3 Lessons We Can Learn from the Woman in Proverbs 31

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As a starry-eyed bride 18 years ago, I vowed I would never turn into some of the old boring married women I had seen growing up in the church. I would never snap at my husband, let the fire in our sex life die, or allow a divide in communication to grow.

But then I got married and realized that marriage is not that easy. Like many women, I have often surveyed the list of attributes describing the woman in Proverbs 31 and felt that I don’t measure up. It’s impossible to be like her, so why try? But I think what Proverbs is really saying isn’t just that we should abide by a list, but that we should continually look for ways to bring good to our family and community.

Proverbs 31:10-31 models for us three ways we can be wise and do just that.

3 simple principles we can implement as wives from Proverbs 31:

1. Keep faithful instruction on our tongues.

We as women have the unique opportunity of speaking into the lives of our children or those in our immediate realm that we can mentor. Often, our children are around us the most. They will come to us with all sorts of questions and concerns — at times that are extremely inconvenient or unexpected, and we have a choice to engage or stay silent.

Some time ago, while driving with my kids to a friend’s house for a playdate, my then kindergarten-age daughter launched a question from the backseat that I wasn’t expecting: “Mom, why doesn’t Jessica like me? She likes Haley better. Haley is prettier.” (*Names of friends have been changed.)

Whoa! I wasn’t expecting my daughter to drop this morsel of information in my lap at this juncture. We had made it through the school year without her ever mentioning this specific concern. Sure, this particular girl’s name had come up, but not in this way. I realized underneath my daughter’s question was fear: A fear that she didn’t measure up to this “prettier girl” in her class. So I asked her a question of my own from the front seat, “Elsbeth, who made you?”

“Jesus,” she responded.

“Did Jesus make Haley look exactly the way He wanted her to look?”

“Yes,” she replied.

“Jesus made Elsbeth pretty and special in her own way. You don’t have to look like Haley to be pretty,” I explained.

I then told a story about how I had latched onto some girls I wanted to be friends with as a middle-school student that weren’t good friends for me. Because of my desire to earn the attention of these girls, I hadn’t noticed the friends that I already had in my path. I told her that I had learned a secret: Jesus would provide friends if you asked Him, but they wouldn’t always be the friends you necessarily thought you wanted or needed.

This conversation we had was a chance for me to help her root her identity not in what others thought of her or her appearance, but what God said about her and what the truth of Scripture said about identity. Rather than ignore those concerns or questions when they come or brush them off because we’re busy, we can see them as golden moments of opportunity to speak God’s truth into the lives of our children or the young people we serve as an example/mentor to.

“She speaks with wisdom, and faithful instruction is on her tongue” (v. 26).

2. Provide for the members of our household.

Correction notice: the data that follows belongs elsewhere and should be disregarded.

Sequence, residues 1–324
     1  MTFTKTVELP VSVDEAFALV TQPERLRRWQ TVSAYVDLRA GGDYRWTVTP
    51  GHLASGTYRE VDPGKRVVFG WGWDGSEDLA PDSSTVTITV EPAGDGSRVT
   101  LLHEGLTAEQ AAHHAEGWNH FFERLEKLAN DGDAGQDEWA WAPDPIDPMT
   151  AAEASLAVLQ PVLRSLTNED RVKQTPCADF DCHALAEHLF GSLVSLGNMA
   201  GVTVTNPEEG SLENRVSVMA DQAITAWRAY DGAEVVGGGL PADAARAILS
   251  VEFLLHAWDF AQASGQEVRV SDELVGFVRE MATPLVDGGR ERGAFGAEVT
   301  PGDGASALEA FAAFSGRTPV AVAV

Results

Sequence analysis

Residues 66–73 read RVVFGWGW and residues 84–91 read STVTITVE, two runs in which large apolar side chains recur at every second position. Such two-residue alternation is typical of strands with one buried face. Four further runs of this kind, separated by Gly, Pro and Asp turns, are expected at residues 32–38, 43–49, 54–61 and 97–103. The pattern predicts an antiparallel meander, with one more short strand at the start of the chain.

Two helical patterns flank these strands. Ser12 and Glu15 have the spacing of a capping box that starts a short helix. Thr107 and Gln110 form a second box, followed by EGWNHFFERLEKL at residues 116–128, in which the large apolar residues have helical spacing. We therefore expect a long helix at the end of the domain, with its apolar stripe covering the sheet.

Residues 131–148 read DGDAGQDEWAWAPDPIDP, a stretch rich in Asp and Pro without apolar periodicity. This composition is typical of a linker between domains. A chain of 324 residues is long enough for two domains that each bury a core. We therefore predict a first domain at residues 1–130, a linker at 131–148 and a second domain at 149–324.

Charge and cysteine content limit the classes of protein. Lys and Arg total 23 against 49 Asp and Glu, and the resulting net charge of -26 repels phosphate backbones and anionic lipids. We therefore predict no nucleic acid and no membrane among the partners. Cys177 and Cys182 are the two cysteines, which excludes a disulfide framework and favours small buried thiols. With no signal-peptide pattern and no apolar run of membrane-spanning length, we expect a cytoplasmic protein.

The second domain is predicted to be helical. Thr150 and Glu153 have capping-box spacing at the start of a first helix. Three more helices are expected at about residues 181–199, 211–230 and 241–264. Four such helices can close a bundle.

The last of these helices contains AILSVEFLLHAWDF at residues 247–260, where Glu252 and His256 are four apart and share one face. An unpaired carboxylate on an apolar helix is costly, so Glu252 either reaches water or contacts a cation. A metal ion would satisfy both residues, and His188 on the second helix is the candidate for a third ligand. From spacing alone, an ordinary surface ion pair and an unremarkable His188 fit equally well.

I remember once in a preschool orientation for my daughter how the director shared that all she ever did was go to the store. When teachers needed supplies, she went to the store and bought what was needed. And because she ran a daycare with many teachers and students, she was always at the store. I can relate.

Though I am not a preschool teacher, I am a mom of three and I spend a whole lot of time at the store buying groceries, household supplies, essentials for my children’s school projects, deodorant for my husband, clothes for my growing kids. Someone always needs something. And, oftentimes, the someone that picks it up is me.

While I spent a whole lot of time shopping for myself as a single girl and young married wife, now our limited money is usually divided each month to meet my children’s needs: Who is in need of shoes? Who has no shorts for summer? Who has outgrown their underwear? Off I go to fill the ever-evolving list. Clearly, this can be exhausting, but the passage tells us that women have a unique role of providing for their families’ needs. I can tell you that my husband has no idea what size shoes my kids wear or who is running low on underwear.

The roles don’t necessarily have to be defined the same in every relationship, but women have been gifted to both assess and take care of the needs of the people in their households.

“She is like the merchant ships, bringing her food from afar. She gets up while it is still night; she provides food for her family and portions for her female servants” (vv. 14, 15)

“When it snows, she has no fear for her household; for all of them are clothed in scarlet” (v. 21)

“She watches over the affairs of her household and does not eat the bread of idleness” (v. 27).

3. Bring honor to our husband.

The fiction novel The Help, by Kathryn Stockett, focuses on a small Southern town in the 60s where the white women of the town have racist attitudes and often mistreat their African-American maids. Encouraged by an up-and-coming journalist, the African-American women get the courage to tell their stories of mistreatment, and a fallout ensues after the book is published and their white employees learn of their truth-telling. Granted, although I like the idea of marginalized women getting a voice and speaking out against injustice, I don’t agree with the way some of the women go about doing it, as their methods are about retaliation.